Even if someone has a will in place, it’s still quite likely that his or her estate will need to be overseen by a good probate attorney in Minnesota. These professionals understand the incredibly complex process that goes along with closing out someone’s estate after he or she has passed away. Those who have worked with an estate planning lawyer can sometimes avoid probate through the use of tools like revocable living trusts, but if you are in a situation where the estate in question needs to go through the legal process, it makes sense to get a qualified probate attorney on board.
One of the things the lawyer will do is to help you better understand the steps of the probate process in Minnesota. Knowledge is power, and having a reasonable expectation of what to expect can make probate a little less intimidating.
While every situation is different, a typical probate process in Minnesota will look something like this:
- The validation of the will. The will needs to be proven valid and filed at the county probate court.
- The court will appoint a Personal Representative (also known as an executor). The will usually nominates someone for the position, but the Personal Representative will not have legal authority to take actions until approved by the court.
- An inventory is made of all the assets, as well as a determination if the estate is owed money by any other parties. At this time, a special checking account may be created to take care of the estate’s obligations.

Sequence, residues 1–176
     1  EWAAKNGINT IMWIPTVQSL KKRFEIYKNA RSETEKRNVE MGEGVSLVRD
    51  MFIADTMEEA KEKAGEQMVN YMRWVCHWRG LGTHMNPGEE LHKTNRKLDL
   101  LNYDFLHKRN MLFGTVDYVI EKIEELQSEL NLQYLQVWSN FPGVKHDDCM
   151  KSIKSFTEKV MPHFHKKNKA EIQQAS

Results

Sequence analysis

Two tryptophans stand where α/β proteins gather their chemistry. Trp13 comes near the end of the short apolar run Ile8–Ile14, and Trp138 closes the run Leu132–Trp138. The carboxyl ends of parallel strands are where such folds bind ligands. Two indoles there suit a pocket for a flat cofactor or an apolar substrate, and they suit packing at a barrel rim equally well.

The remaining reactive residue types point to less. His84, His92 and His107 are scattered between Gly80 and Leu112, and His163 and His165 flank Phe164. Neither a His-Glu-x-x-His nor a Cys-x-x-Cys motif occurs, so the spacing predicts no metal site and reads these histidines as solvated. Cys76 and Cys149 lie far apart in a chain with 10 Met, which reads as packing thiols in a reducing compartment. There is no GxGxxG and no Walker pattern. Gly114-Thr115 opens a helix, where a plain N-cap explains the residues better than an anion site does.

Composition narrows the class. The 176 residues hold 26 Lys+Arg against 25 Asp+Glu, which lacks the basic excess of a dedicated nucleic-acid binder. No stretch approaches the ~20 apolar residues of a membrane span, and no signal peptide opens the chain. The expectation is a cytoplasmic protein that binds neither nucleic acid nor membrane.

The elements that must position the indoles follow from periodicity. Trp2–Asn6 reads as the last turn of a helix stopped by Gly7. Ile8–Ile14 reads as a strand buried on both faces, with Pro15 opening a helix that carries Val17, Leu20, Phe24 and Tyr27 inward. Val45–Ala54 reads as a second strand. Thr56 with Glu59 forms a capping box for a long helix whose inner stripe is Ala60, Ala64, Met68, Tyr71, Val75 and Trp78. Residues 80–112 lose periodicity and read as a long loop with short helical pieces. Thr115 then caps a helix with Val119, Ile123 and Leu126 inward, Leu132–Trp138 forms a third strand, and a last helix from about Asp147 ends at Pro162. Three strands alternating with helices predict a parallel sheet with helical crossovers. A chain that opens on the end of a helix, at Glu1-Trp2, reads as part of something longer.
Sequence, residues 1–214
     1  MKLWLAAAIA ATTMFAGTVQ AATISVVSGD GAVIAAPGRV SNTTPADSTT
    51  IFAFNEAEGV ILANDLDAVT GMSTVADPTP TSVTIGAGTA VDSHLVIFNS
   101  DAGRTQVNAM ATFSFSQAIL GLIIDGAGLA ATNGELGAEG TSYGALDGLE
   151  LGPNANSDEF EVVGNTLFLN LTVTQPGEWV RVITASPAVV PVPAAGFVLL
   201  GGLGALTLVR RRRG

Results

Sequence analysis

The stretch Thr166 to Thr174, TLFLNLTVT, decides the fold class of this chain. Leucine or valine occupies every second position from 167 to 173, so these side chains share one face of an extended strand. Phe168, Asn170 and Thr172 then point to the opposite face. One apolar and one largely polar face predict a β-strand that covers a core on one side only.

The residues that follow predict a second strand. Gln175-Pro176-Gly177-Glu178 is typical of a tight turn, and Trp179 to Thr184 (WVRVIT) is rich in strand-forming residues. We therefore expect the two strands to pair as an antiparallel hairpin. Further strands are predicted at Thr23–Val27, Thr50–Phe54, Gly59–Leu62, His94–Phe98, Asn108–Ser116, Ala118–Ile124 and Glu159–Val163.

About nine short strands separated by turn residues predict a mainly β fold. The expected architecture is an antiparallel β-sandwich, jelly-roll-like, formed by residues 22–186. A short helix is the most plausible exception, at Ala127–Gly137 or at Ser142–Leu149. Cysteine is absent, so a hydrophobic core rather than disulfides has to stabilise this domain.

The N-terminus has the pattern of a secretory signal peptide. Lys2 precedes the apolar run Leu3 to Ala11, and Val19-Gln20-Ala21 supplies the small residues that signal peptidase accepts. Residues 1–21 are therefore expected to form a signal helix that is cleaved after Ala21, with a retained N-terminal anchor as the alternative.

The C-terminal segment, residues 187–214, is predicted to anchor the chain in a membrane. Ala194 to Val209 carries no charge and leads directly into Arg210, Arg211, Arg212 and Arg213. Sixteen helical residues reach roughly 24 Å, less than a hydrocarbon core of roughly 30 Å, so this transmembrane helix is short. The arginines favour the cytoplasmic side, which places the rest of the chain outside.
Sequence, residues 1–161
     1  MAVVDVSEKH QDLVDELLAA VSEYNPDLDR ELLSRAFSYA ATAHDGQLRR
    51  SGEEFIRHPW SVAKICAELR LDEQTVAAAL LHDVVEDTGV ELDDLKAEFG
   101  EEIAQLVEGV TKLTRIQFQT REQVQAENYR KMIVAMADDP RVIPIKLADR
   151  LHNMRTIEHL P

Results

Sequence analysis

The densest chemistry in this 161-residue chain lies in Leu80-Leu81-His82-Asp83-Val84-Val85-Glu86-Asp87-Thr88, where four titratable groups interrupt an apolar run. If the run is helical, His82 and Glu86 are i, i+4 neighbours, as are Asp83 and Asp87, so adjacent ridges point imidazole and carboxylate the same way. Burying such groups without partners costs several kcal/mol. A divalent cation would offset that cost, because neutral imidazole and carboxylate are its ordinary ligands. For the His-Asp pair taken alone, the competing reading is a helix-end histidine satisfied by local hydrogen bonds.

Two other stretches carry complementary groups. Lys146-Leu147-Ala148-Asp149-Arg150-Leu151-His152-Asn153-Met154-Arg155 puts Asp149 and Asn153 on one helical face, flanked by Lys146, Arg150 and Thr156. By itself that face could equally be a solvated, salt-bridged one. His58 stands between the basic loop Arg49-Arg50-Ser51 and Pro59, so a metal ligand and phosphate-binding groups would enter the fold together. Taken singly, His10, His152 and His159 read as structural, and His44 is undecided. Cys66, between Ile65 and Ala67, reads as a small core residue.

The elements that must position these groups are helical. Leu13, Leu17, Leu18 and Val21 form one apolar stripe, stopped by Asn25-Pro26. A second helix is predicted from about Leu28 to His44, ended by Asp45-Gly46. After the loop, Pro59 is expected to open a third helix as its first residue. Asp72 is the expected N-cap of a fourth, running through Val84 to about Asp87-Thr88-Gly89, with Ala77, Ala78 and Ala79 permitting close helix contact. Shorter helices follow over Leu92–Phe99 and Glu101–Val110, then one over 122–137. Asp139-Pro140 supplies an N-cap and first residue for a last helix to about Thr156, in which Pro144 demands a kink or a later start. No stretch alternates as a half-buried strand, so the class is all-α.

- The outstanding debts of the decedent and the ongoing expenses of the estate will be identified and paid. These debts should be uncovered in the previous steps.
- The remaining property will be distributed to heirs based upon the wishes outlined in the will and according to the laws of Minnesota, after approval by the court.
This is obviously a simplified look at what happens during the process, but even from this brief list, it is possible to see why it is so beneficial to have an experienced probate lawyer in Minnesota involved. He or she not only oversees the legal aspects of probate—filing paperwork and keeping things moving forward—but also guides the executor on what duties need to be fulfilled. Ideally, the probate process will take only a few months, but due to the time it takes to obtain court hearings and the built in waiting periods to ensure creditors are paid, this timeframe is typically stretched out to take a year. If any issues arise or there is disagreement among the heirs the timeframe is even longer. A probate lawyer will help to avoid as many pitfalls as possible so that the estate can be closed efficiently and in a timely manner.